The case arose when asbestos containing materials were disturbed, spread and removed during the demolition of a bungalow at a site in Dromore, County Down between 22 September 2010 and 7 October 2010. A Health and Safety Executive for Northern Ireland (HSE NI) investigation found that during the demolition work there was asbestos insulation board removed by Mr Galloway, who did not hold the necessary licence to allow him to do the work. Samples had previously been taken from the bungalow which were analysed and found to be grey insulation board containing amosite and chrysotile asbestos.

The investigation also found that Mr Galloway did not take adequate steps to prevent both exposure to and the spread of asbestos fibres by allowing workers to carry out demolition work in areas that were contaminated with asbestos debris.

Denise Donaghy, an inspector with the HSE NI commented, “The dangers of asbestos are well known. Exposure to asbestos fibres is the greatest cause of work related death in the UK and the correct procedures for working are long established. It is a legal requirement that these procedures and control measures are put in place to prevent the spread and exposure of asbestos.”

For more information, see the:

  • Health and Safety at Work (Northern Ireland) Order SI 1978/1039;
  • Control of Asbestos Regulations (Northern Ireland) SR 2012/179.
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Regulation (EU) 254/2013 (OJ:L79/7/2013) amending Regulation (EC) 340/2008 on the fees and charges payable to the European Chemicals Agency pursuant to Regulation (EC) 1907/2006 on the Registration, Evaluation, Authorisation and Restriction of Chemicals (REACH)

This Regulation amends Regulation (EC) 340/2008, on the fees and charges payable to the European Chemicals Agency (ECHA) in accordance with Regulation (EC) 1907/2006, on the Registration, Evaluation, Authorisation and Restriction of Chemicals (REACH).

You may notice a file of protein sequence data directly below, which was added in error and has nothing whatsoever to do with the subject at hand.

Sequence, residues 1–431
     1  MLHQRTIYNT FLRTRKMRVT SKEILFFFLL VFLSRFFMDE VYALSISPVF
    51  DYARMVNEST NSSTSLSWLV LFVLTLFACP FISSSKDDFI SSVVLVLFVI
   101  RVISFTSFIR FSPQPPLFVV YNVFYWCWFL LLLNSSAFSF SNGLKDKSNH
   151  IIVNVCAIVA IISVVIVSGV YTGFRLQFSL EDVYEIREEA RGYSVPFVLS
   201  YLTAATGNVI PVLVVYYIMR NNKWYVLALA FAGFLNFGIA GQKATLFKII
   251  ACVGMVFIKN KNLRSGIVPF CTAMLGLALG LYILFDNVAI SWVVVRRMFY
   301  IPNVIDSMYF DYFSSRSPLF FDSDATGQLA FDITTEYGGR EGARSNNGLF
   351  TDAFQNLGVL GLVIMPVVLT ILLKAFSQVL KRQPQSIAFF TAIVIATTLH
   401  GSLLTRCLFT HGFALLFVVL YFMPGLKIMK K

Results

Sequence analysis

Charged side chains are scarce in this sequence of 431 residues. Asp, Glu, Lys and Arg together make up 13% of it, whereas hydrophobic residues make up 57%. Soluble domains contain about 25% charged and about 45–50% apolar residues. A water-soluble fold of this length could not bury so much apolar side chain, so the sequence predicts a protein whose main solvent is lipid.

Legislative background
Following the review of Regulation (EC) 340/2008, it was decided that it should be amended in various…

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New REACH fees published

A new Regulation has been published which amends the fees and charges set out in Regulation (EC) 340/2008, for registering chemicals under Regulation (EC) 1907/2006, on the Registration, Evaluation, Authorisation and Restriction of Chemicals (REACH).

The amendments have been made by Regulation (EU) 254/2013 which came into force on 22 March 2013, however the amendments will not apply to pending submissions made under Regulation (EC) 1907/2006 before that date.

Under the changes, standard fees have increased by approximately 7%, but discounts for small and medium-sized enterprises (SMEs) will see the costs of compliance fall for SMEs compared to current levels.

Medium-sized firms (with up to 250 members of staff) will receive a 35% discount on standard registration fees, compared to the current 30% reduction, small firms (with up to 50 employees) will receive a 65% discount and micro firms (with 10 employers or fewer) will get a 95% discount.

While the standard charge for registering a substance of 1-10 tonnes, for example, will rise from €1,600 to €1,714, medium sized firms will pay €1,114, compared to the €1,120 they pay currently, and small firms will pay €600 rather than €640.

Similar increases in the discounted rates will also apply for charges for authorisations and appeals.

Antonio Tajani, the commissioner for industry and entrepreneurship, and Janez Potocnik, the environment commissioner, said, “By reducing fees for SMEs affected by the REACH legislation, the commission is directly responding to their concerns.

We are working together towards EU chemical legislation that protects health and the environment, as well helping European businesses to grow and to create jobs.”

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Scottish Fire and Rescue Service (Framework and Appointed Day for Strategic Plan) Order SSI 2013/97

This Order will come into force on 29 April 2013 and applies to Scotland only.
It is made in accordance with the Fire (Scotland) Act 2005 and it gives effect to the “Fire and Rescue Framework for Scotland 2013”.
Legislative background
The Police and Fire Reform (Scotland) Act 2012, through amendments to the…

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INDG463 – Control of exposure to silica dust